Stuck on Ideas for Your Trailer? Try the Exquisite Corpse Technique to Brainstorm
You wrote a book—but that doesn’t mean you have all the ideas you want to market it. If your budget is tight and you aren’t able to hire one of the best book-trailer production companies in the world (like Film 14!), or if you’d prefer to meet with a producer with some ideas in hand, but you’re fresh out of those ideas, we’ve got a technique that might shake up how you approach your material.
Meet the Exquisite Corpse, a brainstorming method that’s been around for decades and was probably invented by the Surrealists, and is also known as “picture consequences” as long as images are involved. Originally called “exquisite corpse” because four people were given pieces of paper, and one assigned the head, another the arms, another the torso, and the fourth the legs, with the combination then producing laughs and head scratches, it’s a highly creative endeavor. What happens to a picture when one person is allowed to draw, say, a head, and the next person chooses to draw a tree? It can be done purely for fun as a party game, or it can be used to generate creativity and ideas.
Trying Exquisite Corpse can also be done with words alone, or words and pictures. Sometimes each person involved is given a page to fill, through drawing, collage, calligraphy, and the pages, when put together as a sort of book, speak to each other.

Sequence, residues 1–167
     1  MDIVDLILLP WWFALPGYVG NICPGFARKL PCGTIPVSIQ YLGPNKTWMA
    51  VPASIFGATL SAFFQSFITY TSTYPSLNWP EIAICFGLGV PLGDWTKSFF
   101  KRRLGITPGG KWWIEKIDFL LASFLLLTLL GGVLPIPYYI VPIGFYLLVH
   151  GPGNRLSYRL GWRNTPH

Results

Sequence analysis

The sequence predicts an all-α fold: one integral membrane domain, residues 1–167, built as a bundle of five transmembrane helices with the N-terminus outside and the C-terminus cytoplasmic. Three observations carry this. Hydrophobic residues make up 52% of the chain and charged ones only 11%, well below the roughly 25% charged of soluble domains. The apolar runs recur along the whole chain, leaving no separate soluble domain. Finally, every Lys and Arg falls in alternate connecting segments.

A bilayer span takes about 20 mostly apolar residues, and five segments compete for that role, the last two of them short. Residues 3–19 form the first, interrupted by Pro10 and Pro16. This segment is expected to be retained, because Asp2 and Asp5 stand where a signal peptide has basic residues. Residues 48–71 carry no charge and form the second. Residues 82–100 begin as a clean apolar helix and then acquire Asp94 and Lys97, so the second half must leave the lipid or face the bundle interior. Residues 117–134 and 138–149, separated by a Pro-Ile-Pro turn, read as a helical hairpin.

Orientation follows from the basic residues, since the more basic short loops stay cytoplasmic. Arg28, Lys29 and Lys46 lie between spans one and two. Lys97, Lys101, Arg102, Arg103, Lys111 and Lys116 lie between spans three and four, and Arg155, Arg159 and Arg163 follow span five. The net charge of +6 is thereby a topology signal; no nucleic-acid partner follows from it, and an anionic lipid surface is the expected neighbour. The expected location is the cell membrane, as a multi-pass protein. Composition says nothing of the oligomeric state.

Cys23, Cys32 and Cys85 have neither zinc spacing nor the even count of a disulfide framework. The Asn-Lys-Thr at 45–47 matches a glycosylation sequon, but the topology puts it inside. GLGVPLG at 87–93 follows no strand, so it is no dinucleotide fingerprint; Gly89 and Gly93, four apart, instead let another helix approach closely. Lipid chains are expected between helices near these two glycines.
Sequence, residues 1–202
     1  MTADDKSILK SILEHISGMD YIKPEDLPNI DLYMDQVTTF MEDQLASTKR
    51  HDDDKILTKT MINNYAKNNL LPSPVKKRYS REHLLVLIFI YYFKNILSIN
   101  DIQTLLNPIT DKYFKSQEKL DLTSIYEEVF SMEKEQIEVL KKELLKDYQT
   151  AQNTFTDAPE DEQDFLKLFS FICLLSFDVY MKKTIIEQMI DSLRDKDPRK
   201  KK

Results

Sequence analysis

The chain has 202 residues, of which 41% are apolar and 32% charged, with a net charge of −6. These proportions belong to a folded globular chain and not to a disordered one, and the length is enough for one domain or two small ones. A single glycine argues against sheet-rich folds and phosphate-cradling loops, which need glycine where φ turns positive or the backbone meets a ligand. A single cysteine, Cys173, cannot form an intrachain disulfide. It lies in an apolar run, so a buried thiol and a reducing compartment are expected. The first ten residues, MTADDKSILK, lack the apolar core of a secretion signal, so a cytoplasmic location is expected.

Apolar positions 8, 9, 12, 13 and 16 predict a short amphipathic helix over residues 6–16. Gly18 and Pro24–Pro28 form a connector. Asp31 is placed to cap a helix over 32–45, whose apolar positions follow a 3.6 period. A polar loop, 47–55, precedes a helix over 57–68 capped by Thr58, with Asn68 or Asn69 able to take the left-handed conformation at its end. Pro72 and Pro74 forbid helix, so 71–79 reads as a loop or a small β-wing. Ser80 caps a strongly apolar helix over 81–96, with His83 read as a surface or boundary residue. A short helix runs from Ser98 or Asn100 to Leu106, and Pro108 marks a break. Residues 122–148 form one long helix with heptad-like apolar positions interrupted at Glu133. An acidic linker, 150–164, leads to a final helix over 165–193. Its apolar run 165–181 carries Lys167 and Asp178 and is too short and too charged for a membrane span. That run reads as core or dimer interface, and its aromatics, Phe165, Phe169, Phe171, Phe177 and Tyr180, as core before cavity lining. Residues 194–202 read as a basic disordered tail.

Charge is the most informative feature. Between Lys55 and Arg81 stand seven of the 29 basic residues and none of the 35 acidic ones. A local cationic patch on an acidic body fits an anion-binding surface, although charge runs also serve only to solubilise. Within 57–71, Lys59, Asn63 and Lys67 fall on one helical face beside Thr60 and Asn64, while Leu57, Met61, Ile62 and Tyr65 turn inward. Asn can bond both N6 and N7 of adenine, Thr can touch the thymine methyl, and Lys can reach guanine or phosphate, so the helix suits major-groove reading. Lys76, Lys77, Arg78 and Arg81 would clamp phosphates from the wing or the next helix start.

If you want to try this technique, you can do it with a group of fellow writers, with your collaborators, or any other creative—but you can also do it on your own. It’s all about free association, and seeing how you can create connections between things you might not otherwise see as connected in any way.
Let’s say you have written a fantasy set in the near future that involves humanoid AI figures. Take as many details from your book as possible, including your setting, character names, objects seen or used, flora and fauna, whatever you can find in your pages. Write each thing/detail on a slip of paper, fold the slips so you can’t see what’s on them, and place them in a container. One way to proceed is to pull them out, one by one, and as you do, note down how each connects or relates to another.
A different approach would be to come up with three themes you want to highlight, and as you take the slips of paper from the container, put each beneath one of the themes. Instead of words, you could certainly have little drawings of characters and objects and landscapes; if you’re further along, you could even have thumbnail sketches of the kind of shots you’d like to see in your trailer, and pull those out at random to see if there are connections you’ve missed.
Keep in mind, however, that you’ll get more exciting and surprising results if you do work with others. The Exquisite Corpse technique was actually developed by Surrealist artists in order to take advantage of a group’s differences, to see how separate creative minds might both interpret and expand on something begun by one person. You might, for example, conduct this exercise with your beta readers, people who are familiar with your work—or with some family members who have never read a word you’ve written.
The main point of brainstorming is not to feel “finished” or rigid about any ideas, but to have some idea to share with whomever works with you on your book trailer. Consider using a special notebook for brainstorming to remind you that anything is possible. After all, you’ve written a book that you’re releasing into the world, with a book trailer that will show people what’s special about it. Congratulations!
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